Some fear it could happen again at 22 contaminated sites where the state has not checked for people on well water — or that it could happen at a yet unknown site of contamination.

Kansans aren’t required to use city water if they already have a well, and some Wichita neighborhoods still rely on private well water.

The delays stem from a 1995 state law that places more emphasis on protecting the dry cleaning industry than protecting public health.

The Kansas Drycleaner Environmental Response Act was passed at the request of the dry cleaning industry to protect the small businesses from the potentially crippling cost of federal involvement. The Environmental Protection Agency, through its Superfund program, can pay to clean up water pollution and then bill any and all companies ever associated with the property to recover its money. Cleaning up pollution can easily cost millions of dollars; state law limits the liability of a dry cleaning shop to $5,000.

To raise money to investigate and clean up pollution, the state passed a tax on dry cleaning chemicals. While the KDHE supported the bill, one KDHE official warned the Legislature that a tax on cleaning solvent “would not be sufficient funding.”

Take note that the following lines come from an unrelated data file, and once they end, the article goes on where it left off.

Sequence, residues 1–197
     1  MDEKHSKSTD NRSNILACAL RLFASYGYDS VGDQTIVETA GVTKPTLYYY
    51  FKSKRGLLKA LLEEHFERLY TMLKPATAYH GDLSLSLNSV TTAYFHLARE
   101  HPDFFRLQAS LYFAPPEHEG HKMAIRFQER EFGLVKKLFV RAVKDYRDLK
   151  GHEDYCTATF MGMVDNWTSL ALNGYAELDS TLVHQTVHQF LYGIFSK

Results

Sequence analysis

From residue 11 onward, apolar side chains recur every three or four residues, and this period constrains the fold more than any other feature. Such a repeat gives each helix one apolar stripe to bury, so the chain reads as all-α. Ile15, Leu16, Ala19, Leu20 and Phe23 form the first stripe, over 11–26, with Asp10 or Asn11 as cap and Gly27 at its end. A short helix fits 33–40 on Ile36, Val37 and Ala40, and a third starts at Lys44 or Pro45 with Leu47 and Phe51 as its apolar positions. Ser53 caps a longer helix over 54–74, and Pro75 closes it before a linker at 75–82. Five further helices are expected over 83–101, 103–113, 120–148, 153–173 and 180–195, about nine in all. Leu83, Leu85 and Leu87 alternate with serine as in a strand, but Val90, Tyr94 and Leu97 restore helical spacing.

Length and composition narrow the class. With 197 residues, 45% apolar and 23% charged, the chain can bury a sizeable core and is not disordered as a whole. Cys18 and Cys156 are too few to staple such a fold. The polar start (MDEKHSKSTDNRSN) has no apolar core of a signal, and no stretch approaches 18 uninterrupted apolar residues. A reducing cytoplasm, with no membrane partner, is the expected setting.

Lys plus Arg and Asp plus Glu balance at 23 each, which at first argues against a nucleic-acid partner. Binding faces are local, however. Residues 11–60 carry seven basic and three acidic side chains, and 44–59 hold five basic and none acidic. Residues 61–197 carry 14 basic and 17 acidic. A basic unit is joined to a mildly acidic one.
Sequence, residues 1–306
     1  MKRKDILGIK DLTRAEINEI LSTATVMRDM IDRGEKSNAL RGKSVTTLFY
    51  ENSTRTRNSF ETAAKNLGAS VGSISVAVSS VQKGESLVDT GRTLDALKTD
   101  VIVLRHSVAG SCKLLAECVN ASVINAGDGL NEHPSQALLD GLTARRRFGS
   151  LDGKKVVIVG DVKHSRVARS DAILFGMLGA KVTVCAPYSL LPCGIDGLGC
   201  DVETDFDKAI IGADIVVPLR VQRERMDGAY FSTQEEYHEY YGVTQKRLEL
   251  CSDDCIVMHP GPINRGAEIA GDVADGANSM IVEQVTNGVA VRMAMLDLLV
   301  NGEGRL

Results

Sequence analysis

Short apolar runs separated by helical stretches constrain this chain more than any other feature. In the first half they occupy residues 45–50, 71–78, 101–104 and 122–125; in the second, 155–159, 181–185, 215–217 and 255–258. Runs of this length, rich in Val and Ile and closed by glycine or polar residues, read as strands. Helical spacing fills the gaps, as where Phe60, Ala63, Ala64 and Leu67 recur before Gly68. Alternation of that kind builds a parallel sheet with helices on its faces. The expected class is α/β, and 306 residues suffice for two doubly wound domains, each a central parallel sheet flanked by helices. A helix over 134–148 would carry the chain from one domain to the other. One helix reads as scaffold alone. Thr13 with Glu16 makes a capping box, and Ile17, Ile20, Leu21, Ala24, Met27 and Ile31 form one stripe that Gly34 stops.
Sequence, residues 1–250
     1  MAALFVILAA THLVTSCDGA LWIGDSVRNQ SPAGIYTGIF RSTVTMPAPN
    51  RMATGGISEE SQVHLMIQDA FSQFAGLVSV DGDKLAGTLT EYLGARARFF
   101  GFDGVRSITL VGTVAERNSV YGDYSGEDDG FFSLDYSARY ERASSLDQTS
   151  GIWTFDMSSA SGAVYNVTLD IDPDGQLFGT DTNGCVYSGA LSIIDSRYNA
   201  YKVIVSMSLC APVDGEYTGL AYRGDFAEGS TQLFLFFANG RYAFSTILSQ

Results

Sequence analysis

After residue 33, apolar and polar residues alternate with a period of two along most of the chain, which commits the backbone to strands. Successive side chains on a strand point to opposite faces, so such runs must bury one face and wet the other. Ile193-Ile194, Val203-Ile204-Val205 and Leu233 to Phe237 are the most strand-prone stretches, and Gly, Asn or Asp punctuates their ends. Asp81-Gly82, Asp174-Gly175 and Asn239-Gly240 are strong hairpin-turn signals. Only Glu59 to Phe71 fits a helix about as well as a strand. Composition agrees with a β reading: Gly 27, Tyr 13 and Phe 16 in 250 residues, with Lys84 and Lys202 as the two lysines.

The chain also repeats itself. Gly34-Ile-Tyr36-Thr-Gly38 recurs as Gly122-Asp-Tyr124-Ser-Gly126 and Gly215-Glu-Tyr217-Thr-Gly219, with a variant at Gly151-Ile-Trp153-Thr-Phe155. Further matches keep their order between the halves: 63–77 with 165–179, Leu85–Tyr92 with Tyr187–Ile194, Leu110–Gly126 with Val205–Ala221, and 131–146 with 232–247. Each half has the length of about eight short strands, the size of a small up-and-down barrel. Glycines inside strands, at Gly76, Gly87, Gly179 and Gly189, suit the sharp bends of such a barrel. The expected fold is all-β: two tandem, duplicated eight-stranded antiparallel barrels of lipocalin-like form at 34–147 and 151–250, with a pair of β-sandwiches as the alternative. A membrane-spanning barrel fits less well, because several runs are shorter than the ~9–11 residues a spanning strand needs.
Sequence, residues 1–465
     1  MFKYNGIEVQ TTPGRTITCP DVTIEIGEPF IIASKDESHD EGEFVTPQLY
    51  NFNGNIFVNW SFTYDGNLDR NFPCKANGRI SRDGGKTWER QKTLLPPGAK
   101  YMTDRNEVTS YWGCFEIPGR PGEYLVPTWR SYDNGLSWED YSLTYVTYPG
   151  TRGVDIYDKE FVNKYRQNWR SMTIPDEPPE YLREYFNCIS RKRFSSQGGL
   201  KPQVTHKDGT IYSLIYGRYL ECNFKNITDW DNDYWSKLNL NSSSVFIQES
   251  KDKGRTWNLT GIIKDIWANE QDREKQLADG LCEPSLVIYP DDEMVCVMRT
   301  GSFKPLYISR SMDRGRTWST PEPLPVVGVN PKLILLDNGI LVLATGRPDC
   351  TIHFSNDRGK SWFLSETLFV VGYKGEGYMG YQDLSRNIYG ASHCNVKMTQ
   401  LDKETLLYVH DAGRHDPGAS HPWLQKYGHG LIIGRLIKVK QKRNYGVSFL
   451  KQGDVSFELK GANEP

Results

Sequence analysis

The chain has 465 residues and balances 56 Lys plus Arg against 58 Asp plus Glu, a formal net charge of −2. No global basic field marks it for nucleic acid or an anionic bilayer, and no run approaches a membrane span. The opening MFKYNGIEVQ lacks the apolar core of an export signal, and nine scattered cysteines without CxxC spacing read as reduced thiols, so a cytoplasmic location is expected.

The Legislature passed the law, including a line that directed the KDHE not to look for contamination from dry cleaners. The Legislature also directed the KDHE to “make every reasonable effort” to keep sites off the federal Superfund list.

It was a 2011 investigation in Haysville for Kwik Shop that discovered the dry cleaning chemical perchloroethylene (usually abbreviated PCE and also known as tetrachloroethylene) in groundwater higher than the level the U.S. Environmental Protection Agency deems safe to drink.

The Kansas Department of Health and Environment says it initially gave the Haysville site a low priority, assuming the contaminated groundwater was traveling southwest — away from private wells and in a different direction than Cowskin Creek.

It wasn’t until 2017 that KDHE realized groundwater was actually flowing to the southeast: directly along the creek and directly toward a cluster of private drinking wells. For the most part, the underground contamination follows Cowskin Creek, trailing down from a former dry cleaner on West Grand Avenue until past 83rd Street and into the cul-de-sac that Hufman calls home.

For the 25 years they lived in that house, Hufman, his wife and daughter drank the well water. They don’t know when the contamination reached them.

The Hufmans’ well was found to be contaminated with two chemicals formed when dry cleaning fluid breaks down.

When consumed, PCE can build up over time, potentially harming a person’s nervous system, liver, kidneys and reproductive system.